Project studios hit Nashville late and hard. By the time the project studio phenomenon took root in Nashville, in the mid-'90s and nearly a decade after its effects were already being felt in New York and L.A., the technology that fueled personal studios had become more advanced, more powerful and much more affordable. Songwriters, one leg - along with producers and musicians - of the triad that is country music's production foundation, first began to embrace the concept as their publishers sought ways to contain demo budgets. The rest of the industry followed. Hard as it seems to conceive of now, as late as 1995, the idea of recording, even demos, at home was considered uncommon in Nashville. Today, it's routine for significant parts of master recordings to be done in people's homes.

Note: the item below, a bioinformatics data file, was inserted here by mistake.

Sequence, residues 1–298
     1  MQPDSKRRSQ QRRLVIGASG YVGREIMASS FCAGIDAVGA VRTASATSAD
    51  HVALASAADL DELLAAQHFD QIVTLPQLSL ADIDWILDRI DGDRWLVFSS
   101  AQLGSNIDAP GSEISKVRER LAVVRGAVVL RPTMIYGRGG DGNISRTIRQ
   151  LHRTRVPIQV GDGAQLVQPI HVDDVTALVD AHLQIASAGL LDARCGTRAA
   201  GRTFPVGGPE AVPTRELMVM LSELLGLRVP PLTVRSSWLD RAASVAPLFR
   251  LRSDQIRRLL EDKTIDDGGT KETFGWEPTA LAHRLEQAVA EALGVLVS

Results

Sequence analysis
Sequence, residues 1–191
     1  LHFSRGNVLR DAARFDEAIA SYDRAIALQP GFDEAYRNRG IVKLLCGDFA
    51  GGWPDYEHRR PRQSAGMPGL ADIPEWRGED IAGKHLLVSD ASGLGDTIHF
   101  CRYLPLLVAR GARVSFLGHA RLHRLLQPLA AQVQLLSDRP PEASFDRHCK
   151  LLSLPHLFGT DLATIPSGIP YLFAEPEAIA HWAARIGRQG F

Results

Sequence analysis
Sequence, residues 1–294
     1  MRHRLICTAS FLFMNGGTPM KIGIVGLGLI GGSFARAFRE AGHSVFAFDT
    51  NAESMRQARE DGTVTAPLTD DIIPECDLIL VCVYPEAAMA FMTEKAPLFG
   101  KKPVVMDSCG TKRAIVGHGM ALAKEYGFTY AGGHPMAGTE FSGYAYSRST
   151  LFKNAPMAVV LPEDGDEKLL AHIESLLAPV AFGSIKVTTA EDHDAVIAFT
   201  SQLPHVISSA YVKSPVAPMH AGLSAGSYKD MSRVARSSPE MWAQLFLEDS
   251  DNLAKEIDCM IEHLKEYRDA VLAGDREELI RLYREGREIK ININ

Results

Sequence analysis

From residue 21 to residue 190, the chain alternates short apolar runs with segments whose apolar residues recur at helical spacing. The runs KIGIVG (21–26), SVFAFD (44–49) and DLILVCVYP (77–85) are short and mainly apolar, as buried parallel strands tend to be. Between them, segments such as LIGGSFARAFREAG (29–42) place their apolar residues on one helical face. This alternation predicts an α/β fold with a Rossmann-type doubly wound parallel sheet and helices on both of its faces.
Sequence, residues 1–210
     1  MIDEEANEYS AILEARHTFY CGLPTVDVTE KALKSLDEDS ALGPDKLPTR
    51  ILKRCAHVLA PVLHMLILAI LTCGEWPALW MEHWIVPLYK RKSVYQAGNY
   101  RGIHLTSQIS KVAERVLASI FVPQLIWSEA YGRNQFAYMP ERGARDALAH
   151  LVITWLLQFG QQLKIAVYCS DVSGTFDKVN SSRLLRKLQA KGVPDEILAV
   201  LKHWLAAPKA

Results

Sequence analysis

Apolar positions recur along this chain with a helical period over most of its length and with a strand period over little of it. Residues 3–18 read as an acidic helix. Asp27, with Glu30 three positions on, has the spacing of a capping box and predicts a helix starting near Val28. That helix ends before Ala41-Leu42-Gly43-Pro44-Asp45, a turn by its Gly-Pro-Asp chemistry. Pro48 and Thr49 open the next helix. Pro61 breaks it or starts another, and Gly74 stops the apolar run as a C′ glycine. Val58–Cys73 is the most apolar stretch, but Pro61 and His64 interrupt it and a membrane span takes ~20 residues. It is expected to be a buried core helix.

Producers bolted. The idea of record producers owning or having interests in recording studios was nothing new to Nashville. But they began doing so in ever-increasing numbers in the mid- to late 1990s, and the economic effect was considerable. The removal from the pool of just five major producers - a conservative number, at best - who had once booked $1,200-a-day commercial rooms in Nashville 200 days a year adds up to $1.2 million in revenue that was lost annually. The actual figure is likely to be exponentially higher. That is in addition to the particularly pernicious practice, very specific to Nashville, of producers who are both studio owners and heads of major record labels. Guess who approves studio budgets on their productions?